“Humph! I am not playing with you any more!”, was a common phrase in our home for a couple of months. Where did my 5 and 3 year old pick up this phrase? And why are they saying it all the time!? A review of a recent study on attention spans in young children helped me find the root to my problem.
It is a well-known fact that young children have short attention spans. Adults general understanding of this fact helps to pave the way for a bit of mercy and lenience with young children when we try to keep their attention while reading a book or teaching a new skill (or doing anything really!).
Adults assume that their whole message may not be getting through to children as they read to and teach young children, but adults also assume that by the end of our book or teaching moment that the child usually will comprehend the entire meaning of the lesson or story. Should we make this assumption?
A new study published in the Journal of Applied Developmental Psychology called Evaluating the Effect of Educational Media Exposure on Aggression in Early Childhood (see citation at end of article) concludes that young children have such short attention spans, that even while watching educational television shows, they cannot always focus and comprehend the entirety of a show. When characters are unkind to one-another during the program, a young children will remember the unkind exchange, but may not possess enough scope to connect the apology at the end of the episode to the unkind exchange at the beginning of the program. Toddlers and preschools make focus on unkind phrases or aggressive exchanges made by the heroic, protagonist characters and mimic them instead.
I typically don’t make any life changes or sweeping assumptions after reading the results of one study. I generally like to see several studies published by various groups, with large sample sizes done time and time again with similar conclusions before assuming a new conclusion is hard evidence. However, I took the beloved PBS program Arthur out of our Netflix queue after reading this study because their point is convincing and the cost of choosing more positive programs and books during the years is very minimal. Even if another study, done at a later date, concludes a different finding, heading the results of the current study will not put you or your children at a loss.
Arthur is a lovely program, but is geared more for school aged children. It’s focus is on teaching social skills and working through interpersonal conflicts. If the above article’s findings are true, than an television show geared for a school age child, filled with many scenes of social conflict, may not be the best choice for my preschooler and toddler because their attention span is too short to connect the lesson about how one should behave to the conflict that demonstrated how not to behave. Therefore, their short attention spans bar them from concluding that the negative behaviors are undesirable, but rather “good” because the protagonist is modeling them. The authors of the study also suggests that social conflict stories from books, not just television programs, could cause the same effect.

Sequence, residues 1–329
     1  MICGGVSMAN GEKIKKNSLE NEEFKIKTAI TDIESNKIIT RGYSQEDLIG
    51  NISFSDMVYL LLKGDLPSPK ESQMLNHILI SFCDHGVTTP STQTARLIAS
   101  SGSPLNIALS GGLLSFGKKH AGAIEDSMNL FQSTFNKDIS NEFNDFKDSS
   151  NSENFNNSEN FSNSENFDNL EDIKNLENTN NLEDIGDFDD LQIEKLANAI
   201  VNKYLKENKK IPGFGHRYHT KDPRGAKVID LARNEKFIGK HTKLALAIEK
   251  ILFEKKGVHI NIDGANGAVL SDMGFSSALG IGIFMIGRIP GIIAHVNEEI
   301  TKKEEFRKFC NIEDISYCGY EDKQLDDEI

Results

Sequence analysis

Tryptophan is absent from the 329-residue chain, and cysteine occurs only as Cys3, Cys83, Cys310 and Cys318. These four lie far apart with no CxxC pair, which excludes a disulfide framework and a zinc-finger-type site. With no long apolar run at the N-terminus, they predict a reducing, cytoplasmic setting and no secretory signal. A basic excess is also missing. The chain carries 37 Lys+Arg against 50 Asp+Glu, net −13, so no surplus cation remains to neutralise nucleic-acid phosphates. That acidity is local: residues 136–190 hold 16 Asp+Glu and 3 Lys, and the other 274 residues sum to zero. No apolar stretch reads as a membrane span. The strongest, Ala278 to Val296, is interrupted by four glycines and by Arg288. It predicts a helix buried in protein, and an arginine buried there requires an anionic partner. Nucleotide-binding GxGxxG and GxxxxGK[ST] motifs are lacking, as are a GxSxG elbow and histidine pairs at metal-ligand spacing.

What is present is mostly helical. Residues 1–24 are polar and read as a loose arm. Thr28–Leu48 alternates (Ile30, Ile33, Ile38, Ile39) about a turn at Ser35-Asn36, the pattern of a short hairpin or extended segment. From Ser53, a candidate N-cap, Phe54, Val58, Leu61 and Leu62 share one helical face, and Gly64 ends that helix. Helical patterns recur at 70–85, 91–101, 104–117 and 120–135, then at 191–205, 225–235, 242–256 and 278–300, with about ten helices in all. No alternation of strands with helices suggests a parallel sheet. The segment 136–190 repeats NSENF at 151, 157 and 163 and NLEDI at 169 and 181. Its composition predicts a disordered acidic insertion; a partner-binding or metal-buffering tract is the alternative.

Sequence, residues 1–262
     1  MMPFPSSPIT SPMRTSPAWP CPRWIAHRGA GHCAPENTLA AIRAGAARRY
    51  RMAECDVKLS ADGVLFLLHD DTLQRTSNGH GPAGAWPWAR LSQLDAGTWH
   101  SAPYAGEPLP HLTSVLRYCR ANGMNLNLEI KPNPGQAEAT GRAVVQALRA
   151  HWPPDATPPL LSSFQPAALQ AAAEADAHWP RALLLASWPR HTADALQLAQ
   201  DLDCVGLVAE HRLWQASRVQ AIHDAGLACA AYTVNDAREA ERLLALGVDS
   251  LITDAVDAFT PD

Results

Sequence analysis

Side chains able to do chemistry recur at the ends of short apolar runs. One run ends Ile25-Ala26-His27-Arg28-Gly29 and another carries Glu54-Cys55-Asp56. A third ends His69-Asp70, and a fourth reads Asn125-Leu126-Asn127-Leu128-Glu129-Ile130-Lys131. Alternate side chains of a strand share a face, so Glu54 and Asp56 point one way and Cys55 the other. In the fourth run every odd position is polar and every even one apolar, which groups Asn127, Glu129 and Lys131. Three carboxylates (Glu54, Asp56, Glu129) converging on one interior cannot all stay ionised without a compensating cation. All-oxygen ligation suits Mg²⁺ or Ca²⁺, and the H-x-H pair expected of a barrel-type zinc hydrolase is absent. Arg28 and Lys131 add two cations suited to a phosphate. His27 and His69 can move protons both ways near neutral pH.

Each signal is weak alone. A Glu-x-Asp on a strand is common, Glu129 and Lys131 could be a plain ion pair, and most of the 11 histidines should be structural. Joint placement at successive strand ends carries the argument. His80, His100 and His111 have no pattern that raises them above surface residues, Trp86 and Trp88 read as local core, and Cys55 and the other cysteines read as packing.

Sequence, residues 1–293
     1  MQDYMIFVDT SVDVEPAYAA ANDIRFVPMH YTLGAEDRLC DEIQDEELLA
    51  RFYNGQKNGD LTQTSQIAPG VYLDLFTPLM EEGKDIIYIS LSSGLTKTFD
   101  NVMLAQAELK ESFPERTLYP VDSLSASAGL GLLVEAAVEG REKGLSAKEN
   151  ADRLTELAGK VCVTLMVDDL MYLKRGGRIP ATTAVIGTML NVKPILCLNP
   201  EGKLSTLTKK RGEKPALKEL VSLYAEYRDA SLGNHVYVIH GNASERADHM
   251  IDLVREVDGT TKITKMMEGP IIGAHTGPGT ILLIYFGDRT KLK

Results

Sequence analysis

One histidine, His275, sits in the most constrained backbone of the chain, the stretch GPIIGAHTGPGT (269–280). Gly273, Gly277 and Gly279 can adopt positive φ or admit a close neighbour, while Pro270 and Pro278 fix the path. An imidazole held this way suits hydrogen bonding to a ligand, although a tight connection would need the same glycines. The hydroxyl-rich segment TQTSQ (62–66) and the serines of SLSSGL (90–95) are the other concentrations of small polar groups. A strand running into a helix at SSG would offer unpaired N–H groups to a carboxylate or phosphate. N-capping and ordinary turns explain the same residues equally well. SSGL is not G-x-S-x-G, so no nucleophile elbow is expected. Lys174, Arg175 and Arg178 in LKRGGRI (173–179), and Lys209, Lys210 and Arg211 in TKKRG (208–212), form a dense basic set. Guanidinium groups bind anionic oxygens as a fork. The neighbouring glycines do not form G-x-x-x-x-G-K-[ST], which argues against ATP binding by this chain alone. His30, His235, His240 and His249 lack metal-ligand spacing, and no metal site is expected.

The Intelligent Nest recommends:
1) Stick to the ptetheroa of toddler programs and shows available that focus on positive exchanges.
2) When you do choose to read a book or watch a show that includes social conflict, don’t wait for the story to wrap it self-up with the happy ending. Ask your child along the way: “Was that a nice thing to say?”; “What could he do differently?”; “Do we treat each other like that in our family “; “Was that kind?”.
3) You can help older children walk back through the story by restating all the main events, helping them to connect the conflict to the resolution.
Keep in mind, that I am not recommending that you shield children from all things negative. Young children need a chance to process negative and positive social exchanges. Instead, keep in mind that your toddler and preschooler’s attention span is short, very short, and so they will need quick reminders while they process stories to help point them in the right direction. Instead, use adults interjections to remind children of better behaviors to help curb them from mimicking the modeled negative behaviors from books and television programs.
It is much easier to do this during a time of shared reading than during time in front of the television or a movie. Usually, parents are not present during time in front of the TV, which is why I choose to take Arthur out of our queue. I don’t typically watch TV with my kids, so shows that may teach my children negative phrases or behaviors have been officially cut from our list. I will admit, that the phases used at the beginning of this article came from one such show on PBS. A lovely show, but it will just need to wait a couple of years until their attention spans are a bit longer.
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Jamie M. Ostrov, Douglas A. Gentile, Adam D. Mullins. Evaluating the effect of educational media exposure on aggression in early childhood. Journal of Applied Developmental Psychology, 2013; 34 (1): 38 DOI:10.1016/j.appdev.2012.09.005